For all the talk in the political sphere of taking personal responsibility in health care, precious little is being done to prepare people to learn about healthcare options. However, such lack of discussion doesn't negate the argument that self-education on health issues works.
An obituary for Dr. Tom Ferguson, found in today's New York Times, discusses Dr. Ferguson's passion for helping individuals understand their health care needs and options. His daughter credits Dr. Ferguson's willingness to "tweak" his doctor's directions, for managing his case of multiple myeloma, for extending his life.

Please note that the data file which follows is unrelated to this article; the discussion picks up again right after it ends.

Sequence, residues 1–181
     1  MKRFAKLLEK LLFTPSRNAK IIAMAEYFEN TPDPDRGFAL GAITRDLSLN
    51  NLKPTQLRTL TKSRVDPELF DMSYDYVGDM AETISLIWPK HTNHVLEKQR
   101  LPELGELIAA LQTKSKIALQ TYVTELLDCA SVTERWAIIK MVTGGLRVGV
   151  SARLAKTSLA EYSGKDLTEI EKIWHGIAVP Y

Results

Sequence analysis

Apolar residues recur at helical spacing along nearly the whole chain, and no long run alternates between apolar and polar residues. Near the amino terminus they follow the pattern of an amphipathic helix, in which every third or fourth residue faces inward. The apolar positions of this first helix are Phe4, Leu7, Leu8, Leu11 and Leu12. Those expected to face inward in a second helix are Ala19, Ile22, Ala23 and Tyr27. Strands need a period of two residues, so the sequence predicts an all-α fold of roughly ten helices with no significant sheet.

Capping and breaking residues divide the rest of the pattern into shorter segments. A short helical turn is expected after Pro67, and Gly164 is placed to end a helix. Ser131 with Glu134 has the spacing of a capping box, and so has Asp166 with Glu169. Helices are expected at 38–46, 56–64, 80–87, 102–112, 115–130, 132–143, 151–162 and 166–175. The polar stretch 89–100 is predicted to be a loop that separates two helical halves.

"Being a doctor, he was ahead of the game," Ms. Dreiss said. "He kept with the traditional party line and did what doctors told him he should do but tweaked their advice in his own way. He read widely, worked out his own doses and was not afraid to experiment; when he heard about a clinical trial involving thalidomide, he called the drug company and told them he wanted to be in on it. He lived far longer than most people with this disease do."
Andy Grove, co-founder of Intel, documented his efforts to learn more about prostate cancer so that he could participate in managing his affliction. This 1996 Fortune magazine story highlights his efforts and is a testimony to his success (Mr. Grove is a survivor).
Bottom line, Dr. Ferguson's thesis is correct. So, how do we teach people to learn, to manage the information critical to their success – even survival?